The upshot to being bat shit crazy is that at least I make it look good and, with having recently spent my rent on a Burberry purse, it now looks quite fashionable as well. One of the areas in which I really excel is reading meaning into things that have none. I can glance at a Cold Cut Combo and convince myself that life is heading in the absolute wrong direction, or read a tragic love story into a 7-Layer Burrito. In fact, I am guilty of having done so recently and while it wasn’t a Taco Bell burrito, it still gave me the runs.
I have always assumed that everything has a meaning and have ended up in some awkward situations as a result. Take the time an ex-boyfriend posted a picture of a gummy bear on his Facebook page and I assumed we were getting back together in time for a July wedding. That made for an awkward outreach, I’ll tell you what. Or, consider when I thought I was making new Japanese friends but was slapped with a $200 bill at the end of the night for talking to prostitutes. I thought they wanted to be friends. Then there was the time I just couldn’t figure out why all the men driving by me were staring. Actually, there was some meaning behind that–my skirt was tucked into my underwear.
Over-analyzing situations is bad, but the worst is reading meaning into something that doesn’t actually exist, or never did. I think that might be part of the clinical diagnosis of insanity, but I don’t know; I’m not a medical professional, I just need one. Non-existent and meaningless is a triple threat and if you’re wondering where the triple comes from, don’t, it doesn’t exist. My proclivities toward this kind of craziness happens most when I wake up on a park bench in Memory Lane with a fierce how-could-things-be-different hangover.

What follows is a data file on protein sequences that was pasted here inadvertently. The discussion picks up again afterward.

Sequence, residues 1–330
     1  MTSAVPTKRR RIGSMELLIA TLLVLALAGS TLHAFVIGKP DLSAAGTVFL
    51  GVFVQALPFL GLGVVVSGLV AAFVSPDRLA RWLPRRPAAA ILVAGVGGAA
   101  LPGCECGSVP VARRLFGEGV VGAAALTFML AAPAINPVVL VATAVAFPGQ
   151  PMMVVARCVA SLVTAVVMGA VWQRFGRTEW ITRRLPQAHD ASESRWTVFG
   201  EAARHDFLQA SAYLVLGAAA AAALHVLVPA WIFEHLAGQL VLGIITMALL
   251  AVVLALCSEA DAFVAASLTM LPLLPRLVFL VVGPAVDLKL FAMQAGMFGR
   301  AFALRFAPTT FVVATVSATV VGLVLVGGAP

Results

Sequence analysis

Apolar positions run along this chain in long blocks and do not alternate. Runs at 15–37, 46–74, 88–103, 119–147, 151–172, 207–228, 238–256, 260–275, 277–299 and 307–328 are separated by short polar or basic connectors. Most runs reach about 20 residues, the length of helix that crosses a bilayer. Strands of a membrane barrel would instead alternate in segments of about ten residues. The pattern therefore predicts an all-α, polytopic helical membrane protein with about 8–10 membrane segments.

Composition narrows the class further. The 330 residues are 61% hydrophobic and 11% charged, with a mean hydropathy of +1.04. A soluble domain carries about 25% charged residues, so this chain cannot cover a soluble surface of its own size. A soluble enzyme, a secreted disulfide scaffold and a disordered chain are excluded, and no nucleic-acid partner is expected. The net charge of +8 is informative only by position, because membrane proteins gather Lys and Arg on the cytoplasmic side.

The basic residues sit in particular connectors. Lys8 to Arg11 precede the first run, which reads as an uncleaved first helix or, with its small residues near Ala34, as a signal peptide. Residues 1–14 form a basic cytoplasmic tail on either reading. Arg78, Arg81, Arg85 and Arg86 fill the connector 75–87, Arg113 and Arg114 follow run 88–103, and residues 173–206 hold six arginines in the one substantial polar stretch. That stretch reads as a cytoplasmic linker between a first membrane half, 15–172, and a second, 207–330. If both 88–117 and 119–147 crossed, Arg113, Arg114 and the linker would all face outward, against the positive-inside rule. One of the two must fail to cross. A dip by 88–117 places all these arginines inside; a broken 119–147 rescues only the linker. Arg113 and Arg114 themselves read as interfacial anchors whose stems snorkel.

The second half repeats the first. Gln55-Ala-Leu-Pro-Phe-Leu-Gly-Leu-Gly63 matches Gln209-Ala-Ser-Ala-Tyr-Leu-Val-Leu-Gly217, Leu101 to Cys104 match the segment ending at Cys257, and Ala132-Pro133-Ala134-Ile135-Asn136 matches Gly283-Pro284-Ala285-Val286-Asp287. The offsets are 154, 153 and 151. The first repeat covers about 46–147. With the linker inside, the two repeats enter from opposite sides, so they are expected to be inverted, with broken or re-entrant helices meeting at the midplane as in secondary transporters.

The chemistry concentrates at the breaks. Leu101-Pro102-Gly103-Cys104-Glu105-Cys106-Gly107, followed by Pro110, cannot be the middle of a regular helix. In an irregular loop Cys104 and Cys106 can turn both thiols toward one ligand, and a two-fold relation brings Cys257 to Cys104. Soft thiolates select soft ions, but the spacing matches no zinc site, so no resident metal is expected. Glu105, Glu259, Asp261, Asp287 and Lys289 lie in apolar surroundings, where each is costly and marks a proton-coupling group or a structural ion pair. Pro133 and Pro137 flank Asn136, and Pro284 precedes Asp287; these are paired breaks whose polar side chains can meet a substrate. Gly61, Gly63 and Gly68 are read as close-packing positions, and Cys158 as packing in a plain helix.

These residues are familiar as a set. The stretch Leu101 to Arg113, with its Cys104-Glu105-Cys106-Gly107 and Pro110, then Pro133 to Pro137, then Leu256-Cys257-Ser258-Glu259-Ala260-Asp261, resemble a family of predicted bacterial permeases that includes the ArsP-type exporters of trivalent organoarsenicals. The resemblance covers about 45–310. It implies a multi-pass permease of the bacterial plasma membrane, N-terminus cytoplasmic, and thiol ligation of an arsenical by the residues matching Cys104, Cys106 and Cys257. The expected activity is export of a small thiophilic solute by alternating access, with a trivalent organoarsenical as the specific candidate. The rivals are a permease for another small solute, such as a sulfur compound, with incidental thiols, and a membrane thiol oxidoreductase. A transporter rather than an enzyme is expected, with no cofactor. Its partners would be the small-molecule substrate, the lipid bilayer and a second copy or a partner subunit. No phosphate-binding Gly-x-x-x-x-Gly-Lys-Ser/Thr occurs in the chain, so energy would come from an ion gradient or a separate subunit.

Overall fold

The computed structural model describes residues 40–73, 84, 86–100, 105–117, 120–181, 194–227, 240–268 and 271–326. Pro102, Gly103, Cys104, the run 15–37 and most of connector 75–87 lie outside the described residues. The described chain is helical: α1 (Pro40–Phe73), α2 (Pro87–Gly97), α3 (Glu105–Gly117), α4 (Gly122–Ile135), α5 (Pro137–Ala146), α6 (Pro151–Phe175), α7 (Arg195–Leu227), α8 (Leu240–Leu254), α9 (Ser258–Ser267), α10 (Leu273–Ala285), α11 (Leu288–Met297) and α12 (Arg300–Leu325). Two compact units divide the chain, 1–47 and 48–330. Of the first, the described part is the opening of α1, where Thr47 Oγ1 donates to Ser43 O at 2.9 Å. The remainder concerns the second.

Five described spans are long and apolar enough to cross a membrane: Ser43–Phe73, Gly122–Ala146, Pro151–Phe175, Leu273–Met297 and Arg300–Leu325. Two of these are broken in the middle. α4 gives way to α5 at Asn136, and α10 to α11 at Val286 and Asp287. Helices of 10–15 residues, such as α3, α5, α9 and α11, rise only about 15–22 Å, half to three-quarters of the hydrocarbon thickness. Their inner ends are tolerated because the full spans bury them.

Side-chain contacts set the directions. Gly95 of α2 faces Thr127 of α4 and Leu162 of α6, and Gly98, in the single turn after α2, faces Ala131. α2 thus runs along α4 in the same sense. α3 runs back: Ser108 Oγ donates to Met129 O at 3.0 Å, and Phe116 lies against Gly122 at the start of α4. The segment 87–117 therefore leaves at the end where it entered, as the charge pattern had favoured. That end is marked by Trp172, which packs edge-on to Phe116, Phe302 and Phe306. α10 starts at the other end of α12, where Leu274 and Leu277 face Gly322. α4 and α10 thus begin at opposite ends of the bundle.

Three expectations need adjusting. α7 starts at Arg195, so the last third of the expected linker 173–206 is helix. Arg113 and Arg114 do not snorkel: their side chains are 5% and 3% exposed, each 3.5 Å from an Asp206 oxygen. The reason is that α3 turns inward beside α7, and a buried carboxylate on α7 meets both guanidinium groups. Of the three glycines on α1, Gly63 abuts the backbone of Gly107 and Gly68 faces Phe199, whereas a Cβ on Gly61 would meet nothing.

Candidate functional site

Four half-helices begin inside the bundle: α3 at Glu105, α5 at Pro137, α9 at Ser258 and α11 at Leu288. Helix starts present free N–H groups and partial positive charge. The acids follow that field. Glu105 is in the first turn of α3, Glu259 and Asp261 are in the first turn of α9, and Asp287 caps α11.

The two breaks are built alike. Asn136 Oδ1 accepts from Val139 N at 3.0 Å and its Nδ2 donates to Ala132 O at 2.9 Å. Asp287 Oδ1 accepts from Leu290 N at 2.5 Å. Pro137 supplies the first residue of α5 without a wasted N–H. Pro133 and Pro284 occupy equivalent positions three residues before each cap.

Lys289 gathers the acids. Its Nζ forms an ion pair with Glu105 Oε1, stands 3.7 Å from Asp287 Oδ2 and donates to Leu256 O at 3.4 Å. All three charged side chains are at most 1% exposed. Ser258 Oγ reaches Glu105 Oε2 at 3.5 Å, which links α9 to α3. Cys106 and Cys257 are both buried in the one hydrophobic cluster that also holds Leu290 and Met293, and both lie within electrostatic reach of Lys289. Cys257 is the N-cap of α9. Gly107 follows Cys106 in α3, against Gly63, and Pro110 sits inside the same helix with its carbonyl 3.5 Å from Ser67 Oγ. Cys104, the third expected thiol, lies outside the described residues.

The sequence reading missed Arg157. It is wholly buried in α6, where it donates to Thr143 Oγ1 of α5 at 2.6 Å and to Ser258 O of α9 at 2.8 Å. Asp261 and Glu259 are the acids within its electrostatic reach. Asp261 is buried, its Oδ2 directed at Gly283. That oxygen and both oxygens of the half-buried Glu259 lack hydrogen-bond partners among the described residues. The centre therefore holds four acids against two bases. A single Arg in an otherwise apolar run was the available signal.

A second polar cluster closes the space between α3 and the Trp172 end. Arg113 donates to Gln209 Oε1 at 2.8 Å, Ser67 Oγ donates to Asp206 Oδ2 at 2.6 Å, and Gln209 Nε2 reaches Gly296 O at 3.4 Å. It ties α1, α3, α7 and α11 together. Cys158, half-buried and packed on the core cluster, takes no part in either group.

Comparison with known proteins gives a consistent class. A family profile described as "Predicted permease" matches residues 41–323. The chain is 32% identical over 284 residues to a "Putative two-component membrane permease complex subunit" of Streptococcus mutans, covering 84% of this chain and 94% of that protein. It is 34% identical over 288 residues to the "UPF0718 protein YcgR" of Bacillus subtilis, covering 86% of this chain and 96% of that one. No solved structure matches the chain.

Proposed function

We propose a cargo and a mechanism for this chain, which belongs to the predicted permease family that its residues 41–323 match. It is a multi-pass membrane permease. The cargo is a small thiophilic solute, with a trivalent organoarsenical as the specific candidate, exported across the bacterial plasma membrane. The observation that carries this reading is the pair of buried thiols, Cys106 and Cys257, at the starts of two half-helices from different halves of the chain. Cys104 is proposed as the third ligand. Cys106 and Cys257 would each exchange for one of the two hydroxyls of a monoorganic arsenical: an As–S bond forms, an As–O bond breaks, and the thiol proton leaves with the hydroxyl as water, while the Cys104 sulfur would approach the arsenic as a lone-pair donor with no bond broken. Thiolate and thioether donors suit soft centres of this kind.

As it turns out, I have spent most of my life dwelling on the past. Are you surprised I didn’t say drunk? I am a little bit too, and speaking of alcohol, it certainly doesn’t help.
That one goes to 11…
On any given day, when I’m not thinking about making chain-mail battle outfits for my cat, I’m thinking about the ‘what if’ instead of the ‘what is.’ Sure, this perspective comes in handy when you’re trying to turn a sheet of fabric into a fringed feline overcoat, but it doesn’t help in most other circumstances. I easily exert more emotion on situations that have ceased to be than on situations that may be, and the ‘what could be’ is almost always tied to what no longer can. It’s like obsessing over an encounter with a quadracorn that you know never existed in the first instance—except that one time on drugs.
I guess what I’m trying to say is that I’m too tired to continue believing that this winged quadracorn (pegacorn? quadrasus?) is anything more than an overweight jackass with a sparkly wig on. It’s high time I found my way back to reality where—fortunately—there is a bar on every corner. Cheers to being here.